Worried about equity mayhem? Gold can come to your rescue
But away from all the glare, gold is taking spotlight -- gradually.
Investing in this long considered safe haven is finding many takers as the price trajectory looks set to move north.
The yellow metal has corrected 8-10 per cent and central banks, wary of global uncertainties, are doubling down on gold. By the end of first half of 2018, they bought $1.36 trillion worth of gold, around 10 per cent of the worldwide forex reserves, according to the International Monetary Fund (IMF).
“Central banks globally are buying gold in order to diversify, because China and Russia have taken an aggressive stance and are shedding US treasury holdings. So, the only way they can diversify is by putting their money in buying gold," Kunal Shah, Head of Commodities Research, Nirmal Bang, told ETmarkets.com.
The above chart shows the extent of rise in gold reserves by the central banks. "The extension of EM (emerging market) foreign reserves has led to a net gold demand by central banks – approximately 500 tonnes each year – as they seek diversification and liquidity," said the World Gold Council in a statement.
Analysts too remain sanguine about gold prices.
“Gold is likely to reclaim $1,330 an ounce mark on Commex and Rs 33,500 on MCX. Keep buying gold on MCX as and when it comes to the vicinity of Rs 28,800. If gold is held for 2-3 years, one can expect decent returns,” said Tarun Satsangi, Head-Commodity and Forex Research, Globe Capital Market.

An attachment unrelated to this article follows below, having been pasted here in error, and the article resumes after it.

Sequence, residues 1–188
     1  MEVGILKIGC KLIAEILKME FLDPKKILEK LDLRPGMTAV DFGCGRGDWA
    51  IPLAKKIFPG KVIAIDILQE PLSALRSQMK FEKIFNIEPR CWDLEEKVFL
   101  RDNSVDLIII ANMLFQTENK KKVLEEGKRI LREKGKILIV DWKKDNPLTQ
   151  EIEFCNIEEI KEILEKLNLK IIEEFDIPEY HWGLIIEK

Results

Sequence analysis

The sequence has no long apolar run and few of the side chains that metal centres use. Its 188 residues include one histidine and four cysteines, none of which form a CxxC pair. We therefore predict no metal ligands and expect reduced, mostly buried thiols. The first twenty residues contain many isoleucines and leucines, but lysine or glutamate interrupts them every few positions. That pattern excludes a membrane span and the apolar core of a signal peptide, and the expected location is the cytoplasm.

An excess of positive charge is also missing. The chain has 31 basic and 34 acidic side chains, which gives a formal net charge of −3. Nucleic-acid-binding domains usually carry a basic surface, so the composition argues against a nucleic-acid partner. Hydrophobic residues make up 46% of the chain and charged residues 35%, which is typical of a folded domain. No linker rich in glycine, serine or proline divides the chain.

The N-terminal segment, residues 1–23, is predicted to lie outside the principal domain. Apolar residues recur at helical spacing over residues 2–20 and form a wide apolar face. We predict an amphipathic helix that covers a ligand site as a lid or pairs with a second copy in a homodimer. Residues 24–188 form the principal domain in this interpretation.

Gold's status as one of the best hedging tools is mainly linked to the fortunes of the dollar, and by extension to the US economy. Analysts say it's just a question of time before the yellow metal gets its mojo back.
They have a reasoning to believe so. "The European Union will start growing better than the US. The moment the EU starts hiking rate, the rate differential will come down, making Europe a better destination for investors," added Satsangi.
Additionally, the yellow metal tends to follow a long cycle. Between 2000 and 2011, it gave multi-fold returns and there has been a steep fall ever since.
And the yellow metal always thrives in times of uncertainty. “Be it the US-led war on Afghanistan in 2001 or the Iraq war in 2003, the US witnessed a surge in money supply, leading to a dollar crash and subsequent inflation. This was followed by the 2008 Lehman bankruptcy when spot gold in Australian markets rose 2.5 per cent, or $18.70, to $782.15,” said Gnanasekar Thiagarajan, owner, Commtrendz Research and Fund Management.
Shah also sees China factor at work. A slowdown in China, according to Shah, is driving a deflationary trend elsewhere, which is keeping commodity prices depressed.